WD My Passport Wireless Pro Review
WD My Passport Wireless Pro Setup and Software
There are a number of ways you can setup and use the WD My Passport Wireless Pro since it works on PCs, tablets, smartphones and so on. WD has done a great job at supporting Windows, iOS and Android and we were able to use the My Passport Wireless Pro with software/apps on devices running all three operating systems without any issues. Today, we’ll be walking through the setup procedure and showing you the software on a PC over a wireless connection.
To connect to the WD My Passport Wireless Pro for the very first time we connected it wirelessly from our Dell XPS 13 laptop. We disconnected from our home WiFi connection and connected to the WiFi connection being broadcast by the My Passport Wireless Pro. It is a secure password protected broadcast, so be sure to use the supplied password on the cover as it will work on both the 2.4GHz and 5GHz bands.
Once you are done setting up the WD My Passport Wireles Pro you might think you can start using it straight away, but that isn’t the case. The disk needs to be initialized, Plex Media Server needs to be downloaded and installed and finally the firmware already needs an update. All these little things take time and it took almost 25 minutes from the time we took it out of the box for all the basic setup and updates to be completed. The bad news is that you still need to install the WD My Passport App on all of your mobile devices and/or setup your cameras WiFi to connect with the device. Be ready to dedicate at least an hour or two to getting everything fully setup!
The My Passport Wireless comes pre-loaded with all kinds of goodies that will really help many people out. For example there is a folder of how to videos that can be watched and the user manual in PDF form to teach you how to use this Wi-Fi ready storage drive. There is also a folder of sample media files where you will find music, videos and pictures to play around with before you put on your critical data. The only software in the WD Software folder was WD Quick View, which is a utility that will discover WD network attached storage drives on the network and provide drive status information. To really setup the WD My Passport Wireless you’ll wither need to download WD’s My Cloud mobile app and pair it with the mobile devices and computers over Wi-Fi or you can do the setup on the PC with it hard wired by going to http://mypassport and setting it up locally (Mac users should use http://mypassport.local).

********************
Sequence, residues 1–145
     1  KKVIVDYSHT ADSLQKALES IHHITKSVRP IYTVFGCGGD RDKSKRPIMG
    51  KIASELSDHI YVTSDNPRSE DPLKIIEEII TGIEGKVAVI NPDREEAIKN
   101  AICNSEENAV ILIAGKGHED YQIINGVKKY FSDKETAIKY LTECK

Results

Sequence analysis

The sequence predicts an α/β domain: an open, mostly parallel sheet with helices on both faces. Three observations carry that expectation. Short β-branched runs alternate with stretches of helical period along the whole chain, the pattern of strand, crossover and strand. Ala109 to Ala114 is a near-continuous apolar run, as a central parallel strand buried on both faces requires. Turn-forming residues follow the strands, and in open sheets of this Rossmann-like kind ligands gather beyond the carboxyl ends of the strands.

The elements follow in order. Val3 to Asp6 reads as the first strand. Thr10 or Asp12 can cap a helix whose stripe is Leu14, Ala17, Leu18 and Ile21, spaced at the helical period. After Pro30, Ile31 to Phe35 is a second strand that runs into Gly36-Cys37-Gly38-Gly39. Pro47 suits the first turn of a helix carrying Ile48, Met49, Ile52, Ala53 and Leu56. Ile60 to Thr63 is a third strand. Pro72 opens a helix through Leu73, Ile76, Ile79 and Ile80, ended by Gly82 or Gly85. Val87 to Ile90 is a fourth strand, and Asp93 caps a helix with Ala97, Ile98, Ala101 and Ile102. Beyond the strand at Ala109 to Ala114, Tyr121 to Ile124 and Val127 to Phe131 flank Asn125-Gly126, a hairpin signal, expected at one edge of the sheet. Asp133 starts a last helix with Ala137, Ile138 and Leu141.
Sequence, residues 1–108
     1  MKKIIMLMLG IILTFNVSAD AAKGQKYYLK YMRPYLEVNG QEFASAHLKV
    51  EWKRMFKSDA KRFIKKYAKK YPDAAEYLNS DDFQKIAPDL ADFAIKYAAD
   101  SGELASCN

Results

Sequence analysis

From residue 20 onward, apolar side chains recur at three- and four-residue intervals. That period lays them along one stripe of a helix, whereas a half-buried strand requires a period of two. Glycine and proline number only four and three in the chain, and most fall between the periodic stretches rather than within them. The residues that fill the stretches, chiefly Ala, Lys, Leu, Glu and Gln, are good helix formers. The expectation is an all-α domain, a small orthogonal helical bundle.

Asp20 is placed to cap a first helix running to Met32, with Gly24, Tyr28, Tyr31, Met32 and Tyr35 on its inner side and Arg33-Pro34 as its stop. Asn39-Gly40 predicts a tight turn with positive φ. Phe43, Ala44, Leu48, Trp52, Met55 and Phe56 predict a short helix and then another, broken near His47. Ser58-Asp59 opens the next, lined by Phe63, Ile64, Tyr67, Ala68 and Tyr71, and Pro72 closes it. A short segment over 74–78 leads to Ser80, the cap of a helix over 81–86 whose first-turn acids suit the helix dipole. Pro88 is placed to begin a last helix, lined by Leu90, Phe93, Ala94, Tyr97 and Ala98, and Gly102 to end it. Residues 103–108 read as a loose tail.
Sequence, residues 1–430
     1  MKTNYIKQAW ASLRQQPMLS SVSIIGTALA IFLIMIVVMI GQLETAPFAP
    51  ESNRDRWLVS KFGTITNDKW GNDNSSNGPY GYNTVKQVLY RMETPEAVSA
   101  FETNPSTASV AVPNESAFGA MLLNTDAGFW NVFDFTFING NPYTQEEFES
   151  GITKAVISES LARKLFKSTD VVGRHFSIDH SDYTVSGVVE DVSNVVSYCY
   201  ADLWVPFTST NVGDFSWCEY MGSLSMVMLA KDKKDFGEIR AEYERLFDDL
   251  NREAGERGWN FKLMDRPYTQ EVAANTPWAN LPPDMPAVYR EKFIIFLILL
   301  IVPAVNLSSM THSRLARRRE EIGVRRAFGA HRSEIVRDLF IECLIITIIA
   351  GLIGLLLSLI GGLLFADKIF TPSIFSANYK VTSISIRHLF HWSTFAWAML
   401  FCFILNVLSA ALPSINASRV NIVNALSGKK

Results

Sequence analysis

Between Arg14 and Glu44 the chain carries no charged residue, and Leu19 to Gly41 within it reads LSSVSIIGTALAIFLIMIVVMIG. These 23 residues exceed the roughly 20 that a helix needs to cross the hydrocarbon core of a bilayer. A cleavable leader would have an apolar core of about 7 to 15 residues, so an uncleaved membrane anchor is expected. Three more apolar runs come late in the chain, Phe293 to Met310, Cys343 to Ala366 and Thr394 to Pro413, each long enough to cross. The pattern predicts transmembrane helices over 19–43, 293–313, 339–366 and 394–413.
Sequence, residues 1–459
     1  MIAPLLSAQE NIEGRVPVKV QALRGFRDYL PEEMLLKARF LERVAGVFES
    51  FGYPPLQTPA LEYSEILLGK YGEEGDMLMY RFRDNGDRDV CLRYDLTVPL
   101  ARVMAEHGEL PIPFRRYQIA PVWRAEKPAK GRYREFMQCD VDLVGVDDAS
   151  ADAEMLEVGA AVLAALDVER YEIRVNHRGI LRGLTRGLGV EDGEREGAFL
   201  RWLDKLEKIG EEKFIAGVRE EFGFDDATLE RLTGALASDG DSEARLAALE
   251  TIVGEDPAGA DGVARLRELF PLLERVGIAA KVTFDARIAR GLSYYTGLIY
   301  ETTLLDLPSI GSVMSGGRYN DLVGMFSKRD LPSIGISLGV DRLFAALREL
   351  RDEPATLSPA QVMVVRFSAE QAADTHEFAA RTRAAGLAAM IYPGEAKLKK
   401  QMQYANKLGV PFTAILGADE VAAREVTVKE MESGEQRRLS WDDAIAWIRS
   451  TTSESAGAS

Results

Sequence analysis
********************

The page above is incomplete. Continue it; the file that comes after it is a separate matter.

The WD My Passport Wireless Pro home screen is laid out very nicely and it is easy to figure out what is going on. Here on the home menu you can see quickly the vitals on the most critical areas of the drive. For example it shows we have 2TB of data free, our battery is down to 95% and that we are directly connected to the drive. The home screen also shows the firmware revision, date and even a quick breakdown on how much of the single drives capacity is being used up by the most popular file types. The WD My Passport Wireless is a fairly complex portable storage drive, but the user interface isn’t overwhelming and is good for both beginners and advanced users.
The next menu would be the Wi-Fi settings, which is where you can manage and monitor your wireless information. In the screen capture above you can see that the WD My Passport Wireless Pro was connected to our PC and also our home network. The My Passport Wireless Pro can be connected to up eight different devices at once thanks to the built-in 802.11ac dual-band (2.4GHz & 5GHz) wireless solution. WD says that the Wireless-AC solution should allow for the streaming of eight 8Mbps HD MP4 video streams simultaneously, which is twice as many streams as the original model.
The admin page allows you to enable SSH and FTP access to the My Passport Wireless and you can also change your password and device name here. This also just happens to be the location where you can restore the factory settings, which is nice if you ever what to give this device to a friend or sell it down the road.
The hardware menu allows you to switch battery modes between performance or enhanced battery life. The 6,400 mAh power bank should last up to 10 hours in perfect conditions. WD came up with that number based on one user streaming a single 3 MBps 720p video over the 2.4 Ghz WiFi band. If you have more users connected or stream higher bitrate content your battery life will obviously be significantly lower. You can also lock the drive or power it down or reboot it if so desired from this menu. The drive lock will disable the USB 3.0 ports data connection, but it will still charge the device.
The media tab allows you to take a look and tinker with the PLEX and Twonky server settings. It also is where you adjust how the device handles SD cards and USB devices that are connected. By default the settings are set to copy your cards contents to a folder on your drive with the copy file transfer method. You can change it to move all the content off if you wish and you can also setup automatic importing for both inputs.
The support menu allows you to run system reports, register the device, perform diagnostics tests and even opt-in to an optional product improvement program.
Finally there is the firmware menu that shows you what version of firmware that you are running and it also gives you the chance to check for updates and run a manual firmware image update if you already have a build downloaded and needing to be installed.
Let’s take a look at the My Passport Wireless Pro when it comes to performance.